Because television news programs are still a major part of news consumption, FTA broadcasts are the main news providers for most of the population. The four most important broadcasts are provided by the country’s only public television channel (Televisión Nacional de Chile, TVN) and three commercial channels: Canal 13 (67 percent owned by entrepreneur Andrónico Luksic and 33 percent by Universidad Católica); Megavisión, (acquired in March 2012 by Grupo Bethia S.A. and previously family-owned by Claro); and Chilevisión (acquired in 2010 by Time Warner and previously owned by Chile’s current president, Sebastián Piñera). According to 2010 statistics, 90 percent of the total FTA television consumption corresponds to programming by these four channels.30 Table 6 shows the national public television channel TVN as having the highest overall audience rates during the period considered, especially from 2005–2008. UCTV, the channel owned until 2010 by Universidad Católica, experienced a severe drop in audience share from 21 percent in 2005 (the highest share that year) to 13 percent in 2010 (the lowest share). This decline can be attributed, at least partly, to the financial crisis in UCTV and the consecutive change of CEOs to attempt to prevent further increases to its heavy debts. The situation forced Universidad Católica to sell 67 percent of the channel in 2010. The reverse trend can be observed for CHV, the private channel owned by Time Warner. That broadcaster has systematically increased its audience share during the period reported here. However, among the private channels, that owned by Grupo Bethia, Mega, has consistently had the highest audience shares, close to those of the public broadcaster.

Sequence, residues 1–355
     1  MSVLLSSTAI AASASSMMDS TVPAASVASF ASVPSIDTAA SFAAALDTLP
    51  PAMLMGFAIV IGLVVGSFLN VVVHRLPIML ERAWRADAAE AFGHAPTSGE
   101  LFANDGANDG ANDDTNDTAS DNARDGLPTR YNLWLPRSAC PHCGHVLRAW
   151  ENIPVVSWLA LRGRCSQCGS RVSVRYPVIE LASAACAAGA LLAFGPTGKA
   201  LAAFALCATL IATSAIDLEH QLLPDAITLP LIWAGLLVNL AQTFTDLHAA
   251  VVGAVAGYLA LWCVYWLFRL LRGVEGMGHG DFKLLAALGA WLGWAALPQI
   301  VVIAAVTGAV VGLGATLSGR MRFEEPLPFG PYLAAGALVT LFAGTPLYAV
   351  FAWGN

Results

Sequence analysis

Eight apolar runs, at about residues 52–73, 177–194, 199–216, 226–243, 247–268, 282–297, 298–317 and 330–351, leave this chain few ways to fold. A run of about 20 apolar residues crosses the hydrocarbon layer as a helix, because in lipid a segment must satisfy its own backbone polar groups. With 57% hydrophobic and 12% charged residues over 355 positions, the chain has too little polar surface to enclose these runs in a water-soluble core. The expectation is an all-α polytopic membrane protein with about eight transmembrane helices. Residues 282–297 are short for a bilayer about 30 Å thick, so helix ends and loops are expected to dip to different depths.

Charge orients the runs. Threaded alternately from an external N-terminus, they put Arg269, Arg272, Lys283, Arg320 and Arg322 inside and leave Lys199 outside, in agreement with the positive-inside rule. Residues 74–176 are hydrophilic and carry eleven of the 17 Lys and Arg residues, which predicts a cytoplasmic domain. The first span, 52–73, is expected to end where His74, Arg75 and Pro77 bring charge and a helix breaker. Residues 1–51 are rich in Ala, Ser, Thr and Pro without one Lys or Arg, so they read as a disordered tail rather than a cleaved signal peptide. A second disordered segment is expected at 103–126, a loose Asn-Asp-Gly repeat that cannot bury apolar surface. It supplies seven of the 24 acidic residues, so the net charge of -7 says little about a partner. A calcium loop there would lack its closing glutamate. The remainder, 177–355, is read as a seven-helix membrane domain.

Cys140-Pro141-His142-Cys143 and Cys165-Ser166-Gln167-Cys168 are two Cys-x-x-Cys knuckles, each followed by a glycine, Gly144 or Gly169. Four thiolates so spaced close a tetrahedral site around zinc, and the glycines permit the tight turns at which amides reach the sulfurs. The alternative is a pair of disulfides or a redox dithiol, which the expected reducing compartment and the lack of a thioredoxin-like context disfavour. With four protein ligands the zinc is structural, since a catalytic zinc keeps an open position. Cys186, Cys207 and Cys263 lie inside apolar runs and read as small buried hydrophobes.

30. National Television Council (Consejo Nacional de Televisión, CNTV), at http://www.cntv.cl. The CNTV, which regulates and monitors broadcasting in Chile, carries out an annual Statistical Review of Television Broadcasting and publishes information and analysis on the changes and trends observed in television.